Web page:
N.S. needs bigger push to remedy decades of neglect in non profit housing: study

HALIFAX – A new report says Nova Scotia needs a major push to create publicly funded, non-profit housing to make up for over 25 years of lost ground.

The Nova Scotia office of the Canadian Centre for Policy Alternatives argues in the report published Wednesday that measures to date haven’t addressed the needs of 30,475 Nova Scotian households living in unaffordable housing, defined as costing more than 30 per cent of their income.

“When the federal government largely abandoned the field of supported housing, social housing, and affordable housing in the 1990s, Nova Scotia was not prepared to fill the gap. And Nova Scotia did not fill the gap,” the report says.

The 95 recommendations in the 87-page document include a call for the province to build or acquire more than 33,000 affordable, non-profit and co-operative housing units over a decade, “enough for all those in core housing need and who are homeless.”

The proposed plan would require a capital investment of $531 million a year for 10 years. It would also require an average of $161 million a year in operating spending over those 10 years.

It suggests paying for the program through a series of tax changes, including income-based municipal taxes, a wealth tax and taxes for homes purchased and quickly “flipped” at a profit.

In addition, the report recommends various measures to give the non-profit sector access to buildings, and to shore up rent controls.

For example, it calls on the province to prevent public lands and buildings from being sold to private developers. It would also create a system that would allow the province “first right of purchase” for any low- to middle-income rental properties.

It also argues there is poor enforcement of existing rules guarding against excessive rent hikes and evictions, advocating for the creation of a compliance and enforcement division “to ensure that rent control is enforced” along with health and safety standards.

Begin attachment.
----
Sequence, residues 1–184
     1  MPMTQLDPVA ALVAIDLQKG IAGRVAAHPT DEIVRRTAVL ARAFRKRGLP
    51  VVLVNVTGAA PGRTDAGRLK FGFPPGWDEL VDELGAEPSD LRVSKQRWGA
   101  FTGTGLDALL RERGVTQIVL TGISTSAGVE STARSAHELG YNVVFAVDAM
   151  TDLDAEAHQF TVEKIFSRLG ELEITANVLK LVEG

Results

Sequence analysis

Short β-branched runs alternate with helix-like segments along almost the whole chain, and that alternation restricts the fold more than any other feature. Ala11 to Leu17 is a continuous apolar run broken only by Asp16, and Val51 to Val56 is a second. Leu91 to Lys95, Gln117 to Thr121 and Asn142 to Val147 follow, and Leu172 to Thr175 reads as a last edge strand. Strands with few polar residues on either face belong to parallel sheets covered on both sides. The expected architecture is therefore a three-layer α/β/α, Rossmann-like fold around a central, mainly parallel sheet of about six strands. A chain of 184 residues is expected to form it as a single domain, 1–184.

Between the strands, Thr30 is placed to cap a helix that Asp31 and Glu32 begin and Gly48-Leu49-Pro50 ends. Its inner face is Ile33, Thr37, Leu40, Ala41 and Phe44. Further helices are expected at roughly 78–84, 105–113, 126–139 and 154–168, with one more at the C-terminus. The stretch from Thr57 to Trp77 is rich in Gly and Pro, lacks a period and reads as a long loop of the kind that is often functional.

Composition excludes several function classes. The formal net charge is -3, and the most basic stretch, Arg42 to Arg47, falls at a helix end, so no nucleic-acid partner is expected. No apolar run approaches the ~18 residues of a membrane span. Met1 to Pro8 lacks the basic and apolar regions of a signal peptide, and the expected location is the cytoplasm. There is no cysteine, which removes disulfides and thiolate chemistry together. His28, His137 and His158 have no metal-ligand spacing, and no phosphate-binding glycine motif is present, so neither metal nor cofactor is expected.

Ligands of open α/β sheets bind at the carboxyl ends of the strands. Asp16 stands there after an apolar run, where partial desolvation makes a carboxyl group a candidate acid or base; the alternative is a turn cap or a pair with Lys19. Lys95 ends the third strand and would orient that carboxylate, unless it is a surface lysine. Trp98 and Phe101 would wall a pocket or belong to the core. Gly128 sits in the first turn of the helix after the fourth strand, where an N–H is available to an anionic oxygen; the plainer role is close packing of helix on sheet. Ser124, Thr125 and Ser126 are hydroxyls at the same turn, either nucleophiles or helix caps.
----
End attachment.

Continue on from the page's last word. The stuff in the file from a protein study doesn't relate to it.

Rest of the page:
According to the study, the absence of rent control from 1993 until last year has combined with one of the country’s lowest welfare rate levels to mean increased hardship for renters. The problem has intensified with increasing immigration and a high demand for Halifax real estate, leading to a vacancy rate of between 2.3 and one per cent in the past four years, says the report.

In November of 2020, the provincial government brought in rent control, which limits rent increases to two per cent a year, with the measure to remain in place until Feb. 1, 2022, or until the pandemic’s state of emergency is ended.

The study concludes the rent control should remain in place beyond the scheduled end.

Meanwhile, rural communities in the province are facing decreased supply, say the authors, who drew on a working group that included social advocacy groups, academics, women’s centres, non-profit housing groups and Indigenous coalitions.

“Some housing in tourism-based rural communities has been transformed into short-term rentals, placing additional pressure on smaller markets,” the analysis says.

It notes that in Cape Breton Regional Municipality, half of more affordable market rentals are located outside of Sydney and aren’t within walking distance of grocery stores and internet access sites.

The study estimates that across the province, about 4,880 renters are in housing requiring major repair, and 2,385 live in “unsuitable conditions.”

The authors urge Nova Scotia to take advantage of new federal affordable housing initiatives as part of pandemic recovery, saying “the matter is extremely time sensitive.”

The report notes that Ottawa intends to pursue $15 billion in joint funding projects through the Canada Housing Benefit, and as of the end of December $25 billion of $70 billion for the National Housing Strategy has already been allocated.

The province says it has been making some investments in recent months.

In February, the Department of Housing announced the province would invest $5.7 million to help create 109 units of affordable housing in four developments along with $2 million in additional funding for the low-income home repair and adaptation program.

A department spokeswoman also said in February the federal and provincial governments are investing $513 million over 10 years in affordable housing projects and programs.

This report by The Canadian Press was first published May 26, 2021.

You might also like

Leave A Reply

Your email address will not be published.

single-podcasts